If I understand this right, the win probability in this example is conditional on a mu and sigma for Biden’s vote share and it is pointed out that it changes a lot if mu=0.535 instead of mu=0.54. But why can’t you include uncertainty about mu into the win probability by averaging over its posterior distribution? Doesn’t the resulting unconditional win probability adequately reflect if the conditional-on-mu win probability is very sensitive to mu and we can’t pin mu down very precisely?

    >that is, the prediction at time t is based on the fundamentals at time t, not on the forecasts of the values these predictors will be at election day and thus we would not expect these predictions to satisfy the martingale property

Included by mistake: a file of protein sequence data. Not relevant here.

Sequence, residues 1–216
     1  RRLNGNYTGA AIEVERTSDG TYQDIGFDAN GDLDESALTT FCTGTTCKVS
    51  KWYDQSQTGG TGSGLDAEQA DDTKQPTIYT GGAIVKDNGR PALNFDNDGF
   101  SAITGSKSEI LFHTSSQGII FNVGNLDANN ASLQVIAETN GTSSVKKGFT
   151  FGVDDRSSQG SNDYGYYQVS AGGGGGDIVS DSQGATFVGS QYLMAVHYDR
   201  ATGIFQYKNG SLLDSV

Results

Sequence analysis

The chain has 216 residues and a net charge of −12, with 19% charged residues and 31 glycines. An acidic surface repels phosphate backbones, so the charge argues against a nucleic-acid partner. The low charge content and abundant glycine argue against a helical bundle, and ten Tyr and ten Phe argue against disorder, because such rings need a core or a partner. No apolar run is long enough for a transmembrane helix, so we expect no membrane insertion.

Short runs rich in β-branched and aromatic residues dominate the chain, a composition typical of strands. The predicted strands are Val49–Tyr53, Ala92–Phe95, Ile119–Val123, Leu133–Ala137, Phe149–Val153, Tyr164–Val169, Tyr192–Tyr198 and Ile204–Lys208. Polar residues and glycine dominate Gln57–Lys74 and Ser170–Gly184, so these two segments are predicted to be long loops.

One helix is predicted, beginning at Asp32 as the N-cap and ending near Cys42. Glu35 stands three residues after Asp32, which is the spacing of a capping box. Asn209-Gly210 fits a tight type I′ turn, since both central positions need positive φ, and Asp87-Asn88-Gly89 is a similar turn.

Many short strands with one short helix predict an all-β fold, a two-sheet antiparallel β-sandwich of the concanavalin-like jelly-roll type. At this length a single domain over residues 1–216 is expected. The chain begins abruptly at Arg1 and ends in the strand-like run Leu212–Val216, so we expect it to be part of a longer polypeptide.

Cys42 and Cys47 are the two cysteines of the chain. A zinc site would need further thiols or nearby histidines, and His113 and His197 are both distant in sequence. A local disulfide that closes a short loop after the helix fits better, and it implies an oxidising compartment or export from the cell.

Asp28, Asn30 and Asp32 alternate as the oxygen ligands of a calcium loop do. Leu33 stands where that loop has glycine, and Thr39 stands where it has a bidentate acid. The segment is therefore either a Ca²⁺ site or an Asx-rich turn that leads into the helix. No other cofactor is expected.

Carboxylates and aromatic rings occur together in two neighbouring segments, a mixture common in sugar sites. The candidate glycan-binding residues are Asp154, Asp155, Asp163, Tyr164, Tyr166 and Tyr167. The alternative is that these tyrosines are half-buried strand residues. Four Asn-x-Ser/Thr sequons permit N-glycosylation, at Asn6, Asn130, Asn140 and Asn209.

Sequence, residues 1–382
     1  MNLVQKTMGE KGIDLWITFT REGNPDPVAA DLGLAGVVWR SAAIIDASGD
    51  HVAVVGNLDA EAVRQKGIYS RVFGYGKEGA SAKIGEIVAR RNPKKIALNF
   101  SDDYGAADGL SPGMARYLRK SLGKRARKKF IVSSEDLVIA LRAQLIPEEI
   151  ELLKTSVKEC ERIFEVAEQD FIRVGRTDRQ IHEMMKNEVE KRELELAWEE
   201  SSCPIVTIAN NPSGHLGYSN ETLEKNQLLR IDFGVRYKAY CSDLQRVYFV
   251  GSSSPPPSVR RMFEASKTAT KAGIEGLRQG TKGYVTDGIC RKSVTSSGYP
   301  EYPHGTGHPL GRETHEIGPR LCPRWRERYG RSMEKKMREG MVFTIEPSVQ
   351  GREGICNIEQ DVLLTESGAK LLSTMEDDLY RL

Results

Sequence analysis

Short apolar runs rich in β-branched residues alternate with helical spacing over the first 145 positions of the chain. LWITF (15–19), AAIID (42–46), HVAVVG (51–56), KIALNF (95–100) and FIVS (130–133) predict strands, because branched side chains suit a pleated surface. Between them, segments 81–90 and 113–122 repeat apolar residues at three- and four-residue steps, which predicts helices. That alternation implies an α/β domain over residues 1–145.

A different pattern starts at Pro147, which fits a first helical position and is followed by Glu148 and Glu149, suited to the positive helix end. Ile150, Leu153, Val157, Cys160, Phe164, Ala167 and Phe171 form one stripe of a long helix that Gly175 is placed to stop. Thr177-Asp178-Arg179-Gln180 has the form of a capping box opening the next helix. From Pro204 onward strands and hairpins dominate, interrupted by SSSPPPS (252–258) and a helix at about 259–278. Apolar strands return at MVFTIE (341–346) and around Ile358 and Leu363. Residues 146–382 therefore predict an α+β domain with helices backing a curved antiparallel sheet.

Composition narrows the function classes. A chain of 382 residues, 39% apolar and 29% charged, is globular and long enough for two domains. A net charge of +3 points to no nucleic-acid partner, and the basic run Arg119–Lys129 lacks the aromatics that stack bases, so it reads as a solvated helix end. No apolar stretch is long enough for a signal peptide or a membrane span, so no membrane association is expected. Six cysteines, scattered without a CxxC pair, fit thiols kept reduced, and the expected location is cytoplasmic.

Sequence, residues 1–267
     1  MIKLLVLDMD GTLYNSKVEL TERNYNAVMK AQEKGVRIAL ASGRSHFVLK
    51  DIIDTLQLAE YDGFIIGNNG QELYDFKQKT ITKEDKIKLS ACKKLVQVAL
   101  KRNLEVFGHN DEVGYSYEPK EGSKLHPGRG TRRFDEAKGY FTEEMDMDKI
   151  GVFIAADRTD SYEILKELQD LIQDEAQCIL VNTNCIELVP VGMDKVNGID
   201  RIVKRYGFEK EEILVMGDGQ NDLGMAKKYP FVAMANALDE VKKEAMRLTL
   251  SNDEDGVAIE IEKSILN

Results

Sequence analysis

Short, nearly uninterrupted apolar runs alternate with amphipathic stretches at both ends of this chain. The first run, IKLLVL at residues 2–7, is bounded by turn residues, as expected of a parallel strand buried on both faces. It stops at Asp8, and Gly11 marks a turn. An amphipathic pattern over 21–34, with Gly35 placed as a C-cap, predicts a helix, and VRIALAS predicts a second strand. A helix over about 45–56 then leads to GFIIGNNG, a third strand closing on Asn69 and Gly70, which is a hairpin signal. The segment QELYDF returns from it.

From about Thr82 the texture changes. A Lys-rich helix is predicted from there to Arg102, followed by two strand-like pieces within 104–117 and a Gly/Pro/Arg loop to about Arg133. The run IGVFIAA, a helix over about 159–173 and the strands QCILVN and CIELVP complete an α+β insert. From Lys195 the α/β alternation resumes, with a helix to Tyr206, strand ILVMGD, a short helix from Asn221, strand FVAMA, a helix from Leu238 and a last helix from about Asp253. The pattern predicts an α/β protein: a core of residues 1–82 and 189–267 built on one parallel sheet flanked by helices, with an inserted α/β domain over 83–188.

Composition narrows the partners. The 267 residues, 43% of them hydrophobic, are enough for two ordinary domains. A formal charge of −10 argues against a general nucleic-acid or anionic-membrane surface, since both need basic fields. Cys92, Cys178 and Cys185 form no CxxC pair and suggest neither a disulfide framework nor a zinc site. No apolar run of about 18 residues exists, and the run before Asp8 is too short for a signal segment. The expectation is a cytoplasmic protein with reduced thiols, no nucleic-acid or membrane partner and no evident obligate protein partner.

Is this necessary to satisfy the martingale property? You could simply model P(Biden wins| fundamentals_t) which could be allowed to change with t. I thought this is what 538 and the Economist already do with polls: If there was no polling error at all, P(Biden wins | vote_share_t) depends on how close t is to the election. I think if this model was correct, its stream of win probabilities would be a martingale.

  8. Andrew, Jessica, and Christopher — Congratulations on the wonderful paper. I just wanted to add for blog readers benefit what was especially impressive for me, which was seeing, from a bit behind the scenes, the rapidity and creativity of seeing this paper formed, My first exposure was a few weeks ago with Andrew by email. He suggested a paper, found collaborators, offering co-authorship to everyone in the discussion, and then wrote it all up. There are many ideas here, ranging from comments on contemporary journalism and modeling to stylized but very effective models that give important insights. Bravo!